How to Focus in the Moment
What is meant by “immersing yourself in the moment?” Immersing yourself in the moment is when you are grounded in the present moment or performing “in the now” without conscious thought.
Immersing yourself in the moment is a difficult concept for ball players to grasp and even more difficult for players to apply during games.
Many ballplayers have trouble staying focused in the present, such as the following player who responded to our Softball and Baseball Mental Toughness Survey:
“How can I keep my composure and maintain confidence after I make a mistake? I have a problem staying focused after a bad inning or several errors because I feel I could cost the game for my team.”
In this instance, your mind is bouncing back and forth from the past (the bad inning or errors) and the future (costing the game for your team). Fear of repeating those mistakes or “losing the game for your team” causes you to feel anxious, less confident, and mentally scattered.
The way to stay composed and confident is to bring your attention back to the moment.
You aren’t the only player who needs to be on guard for that mind travel that pulls your focus away from the present and towards the past or future. Immersing themselves in the moment is critical for the New York Yankees as they move deeper into the 2020 playoffs in hopes of another World Series championship.
The Yankees beat the Cleveland Indians in their wildcard series and advanced to the American League Division Series. The Yankees’ next challenge is AL East rivals the Tampa Bay Rays who beat the Yankees 8 of 10 games during the regular season.
The Yankees could become distracted by recalling all the times the Rays beat them throughout the season or focus on the potential of losing the series and being knocked out of the playoffs.
Instead, immersing themselves in the moment gives the Yankees the best chance of success to move on to the American League Championship series.
New York catcher Gary Sanchez commented that the Yankees need to put the regular season at rest and focus on the playoff game they are about to play.
SANCHEZ: “The regular season is over. Whatever happened in the regular season, at this point, it doesn’t matter. That’s the thing about the playoffs — everybody starts from zero.”
Yankees reliever Aroldis Chapman echoed Sanchez’s sentiment regarding the need to focus on the present moment.
CHAPMAN: “You’ve got to understand that we have a rivalry. We’re trying to do the same thing, to win. Whatever happened, that’s in the past. We’ve got to put that aside and focus on the series ahead.”
If you take Chapman’s comments further… Whatever happened in the last game, it doesn’t matter… Whatever happened in the last inning, it doesn’t matter… Whatever happened in your last at-bat, it doesn’t matter… And whatever happened last pitch, it doesn’t matter.
The only thing that matters, the only place you can have a direct impact on your team’s success is a strong focus on the present moment.
How to Stay Present in the Moment:
Define the performance cues to help you keep focused in the present. For batting that includes stepping into the box, getting set up, focus on the pitcher’s release point, etc.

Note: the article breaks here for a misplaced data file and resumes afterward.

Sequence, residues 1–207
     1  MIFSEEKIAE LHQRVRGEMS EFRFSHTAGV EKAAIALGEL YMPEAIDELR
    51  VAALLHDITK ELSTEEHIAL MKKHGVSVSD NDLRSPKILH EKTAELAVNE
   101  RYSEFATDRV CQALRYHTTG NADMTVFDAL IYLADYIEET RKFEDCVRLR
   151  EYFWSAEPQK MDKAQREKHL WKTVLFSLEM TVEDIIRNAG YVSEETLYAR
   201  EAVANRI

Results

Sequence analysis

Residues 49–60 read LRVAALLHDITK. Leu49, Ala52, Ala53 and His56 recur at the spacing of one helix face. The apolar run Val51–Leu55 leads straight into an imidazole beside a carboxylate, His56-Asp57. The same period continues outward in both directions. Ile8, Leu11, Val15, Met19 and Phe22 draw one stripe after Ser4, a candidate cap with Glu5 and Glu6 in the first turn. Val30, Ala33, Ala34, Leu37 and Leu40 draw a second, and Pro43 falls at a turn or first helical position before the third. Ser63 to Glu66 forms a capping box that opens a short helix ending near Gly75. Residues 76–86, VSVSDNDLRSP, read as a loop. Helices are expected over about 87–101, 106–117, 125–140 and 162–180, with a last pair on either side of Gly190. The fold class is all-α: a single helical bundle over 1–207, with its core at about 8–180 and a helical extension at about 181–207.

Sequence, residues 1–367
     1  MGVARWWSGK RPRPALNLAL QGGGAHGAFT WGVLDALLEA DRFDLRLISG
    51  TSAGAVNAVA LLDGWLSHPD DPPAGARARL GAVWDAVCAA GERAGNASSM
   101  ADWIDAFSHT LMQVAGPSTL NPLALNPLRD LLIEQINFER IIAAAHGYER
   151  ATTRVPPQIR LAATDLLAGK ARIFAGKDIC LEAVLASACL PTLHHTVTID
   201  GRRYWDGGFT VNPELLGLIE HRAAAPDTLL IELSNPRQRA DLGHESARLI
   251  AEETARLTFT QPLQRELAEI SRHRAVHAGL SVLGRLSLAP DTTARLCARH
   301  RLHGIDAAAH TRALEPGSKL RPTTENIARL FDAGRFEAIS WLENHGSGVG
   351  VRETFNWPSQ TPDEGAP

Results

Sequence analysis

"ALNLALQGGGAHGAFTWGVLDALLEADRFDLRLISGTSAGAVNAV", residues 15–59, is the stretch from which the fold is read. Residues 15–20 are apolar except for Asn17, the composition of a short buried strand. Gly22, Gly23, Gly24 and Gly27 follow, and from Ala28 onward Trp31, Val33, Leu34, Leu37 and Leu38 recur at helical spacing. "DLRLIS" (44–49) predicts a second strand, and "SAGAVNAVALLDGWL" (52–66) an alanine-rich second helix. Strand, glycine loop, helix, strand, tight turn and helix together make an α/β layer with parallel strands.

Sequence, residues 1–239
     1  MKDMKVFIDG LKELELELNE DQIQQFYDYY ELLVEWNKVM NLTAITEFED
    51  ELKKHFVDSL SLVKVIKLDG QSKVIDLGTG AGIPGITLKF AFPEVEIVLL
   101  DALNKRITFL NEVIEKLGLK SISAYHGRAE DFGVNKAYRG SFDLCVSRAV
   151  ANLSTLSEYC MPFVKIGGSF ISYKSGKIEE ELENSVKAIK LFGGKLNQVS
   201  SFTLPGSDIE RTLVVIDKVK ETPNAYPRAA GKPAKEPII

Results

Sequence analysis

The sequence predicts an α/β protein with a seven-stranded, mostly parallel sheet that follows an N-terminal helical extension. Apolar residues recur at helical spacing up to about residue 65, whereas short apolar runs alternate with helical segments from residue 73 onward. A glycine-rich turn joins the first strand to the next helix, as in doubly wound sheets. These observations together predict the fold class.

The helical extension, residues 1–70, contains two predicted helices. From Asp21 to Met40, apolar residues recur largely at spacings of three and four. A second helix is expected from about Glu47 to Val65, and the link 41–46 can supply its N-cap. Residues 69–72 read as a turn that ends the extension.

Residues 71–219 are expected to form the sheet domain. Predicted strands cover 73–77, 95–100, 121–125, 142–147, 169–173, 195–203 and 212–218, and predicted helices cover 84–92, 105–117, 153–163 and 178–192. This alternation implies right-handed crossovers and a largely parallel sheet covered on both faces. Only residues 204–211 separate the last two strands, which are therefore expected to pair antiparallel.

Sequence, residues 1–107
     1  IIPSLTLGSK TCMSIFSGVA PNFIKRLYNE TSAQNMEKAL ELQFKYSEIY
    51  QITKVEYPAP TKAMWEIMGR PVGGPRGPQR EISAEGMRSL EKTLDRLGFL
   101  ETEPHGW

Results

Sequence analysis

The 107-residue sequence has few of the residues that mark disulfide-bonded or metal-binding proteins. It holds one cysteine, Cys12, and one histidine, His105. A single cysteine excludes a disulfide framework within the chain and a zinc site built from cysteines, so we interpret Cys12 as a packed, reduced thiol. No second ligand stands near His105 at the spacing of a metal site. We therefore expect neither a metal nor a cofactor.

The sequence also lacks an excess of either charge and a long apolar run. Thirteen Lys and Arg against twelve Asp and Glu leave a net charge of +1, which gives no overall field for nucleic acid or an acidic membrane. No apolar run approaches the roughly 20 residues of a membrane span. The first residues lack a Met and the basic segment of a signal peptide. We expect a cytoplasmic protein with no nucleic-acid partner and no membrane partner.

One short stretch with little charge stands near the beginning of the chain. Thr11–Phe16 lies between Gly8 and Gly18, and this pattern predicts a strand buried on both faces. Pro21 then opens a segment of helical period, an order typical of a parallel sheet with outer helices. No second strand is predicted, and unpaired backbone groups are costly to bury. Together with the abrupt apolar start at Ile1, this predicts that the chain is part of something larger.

Ask yourself this question, “What matters now?” The answer to this question will help move your focus back to the present.
Get The Mental Edge For Baseball and Softball Players!
Do you (or your athletes) lack full confidence in your skills when you step on the field as if your game disappears at game time?
Do you lose composure easily after you make your first error of time game?
Do you feel embarrassed after striking out and carry this with you for longer than one inning?
If you answered yes to any of these questions, check out The Mental Edge For Baseball And Softball Players!
Boost your (or your athletes mental) toughness! Learn 8 mental toughness lessons to help ball players improve confidence, focus and composure.
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What are baseball mental game customers saying?
“Dr. Cohn, I’ve been tearing it up lately!!! Every single thing you taught me works perfectly in every situation I’ve been in. I’ve been so into every game and focusing on the process and not the outcomes and everything falls right into place . In the playoffs I’m 5-7 with 2 run home runs and 5 RBIs. I feel great at the plate and focusing is a breeze now. I just wanted to thank you for everything and keep you posted with how everything was going.”
~Jalen Phillips, College Baseball Player
“With your help, I have been able to deal with stress and pressure of the game of baseball more efficiently. I have learned to help me keep my focus and disregard negative thoughts and energies. This process focus will keep me from getting my head in the way of my performance, from working against myself. Thanks for your help. I look forward to speaking with you again.”
~Keith Donnell, college baseball player
“Thank you very much for taking the time to speak with our team. It was greatly appreciated and really helped a lot. I found myself implementing your teachings in our first practice right after you left. I really enjoyed the way you implemented already known ideas, but gave us a different way of viewing it. Thank you.”
~Amber Prosser, Clark College Softball